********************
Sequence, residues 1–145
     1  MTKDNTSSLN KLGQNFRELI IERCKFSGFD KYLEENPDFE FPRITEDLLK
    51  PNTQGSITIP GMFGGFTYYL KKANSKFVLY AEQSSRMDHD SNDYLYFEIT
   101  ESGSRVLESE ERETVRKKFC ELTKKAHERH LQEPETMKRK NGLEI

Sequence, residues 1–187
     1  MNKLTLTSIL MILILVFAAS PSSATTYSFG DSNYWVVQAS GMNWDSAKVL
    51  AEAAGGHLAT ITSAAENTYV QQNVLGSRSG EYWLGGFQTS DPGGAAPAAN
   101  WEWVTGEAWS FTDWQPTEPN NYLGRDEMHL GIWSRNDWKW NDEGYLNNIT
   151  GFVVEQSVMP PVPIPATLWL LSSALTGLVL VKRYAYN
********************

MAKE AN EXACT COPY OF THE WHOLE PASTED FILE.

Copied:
Sequence, residues 1–145
     1  MTKDNTSSLN KLGQNFRELI IERCKFSGFD KYLEENPDFE FPRITEDLLK
    51  PNTQGSITIP GMFGGFTYYL KKANSKFVLY AEQSSRMDHD SNDYLYFEIT
   101  ESGSRVLESE ERETVRKKFC ELTKKAHERH LQEPETMKRK NGLEI

Sequence, residues 1–187
     1  MNKLTLTSIL MILILVFAAS PSSATTYSFG DSNYWVVQAS GMNWDSAKVL
    51  AEAAGGHLAT ITSAAENTYV QQNVLGSRSG EYWLGGFQTS DPGGAAPAAN
   101  WEWVTGEAWS FTDWQPTEPN NYLGRDEMHL GIWSRNDWKW NDEGYLNNIT
   151  GFVVEQSVMP PVPIPATLWL LSSALTGLVL VKRYAYN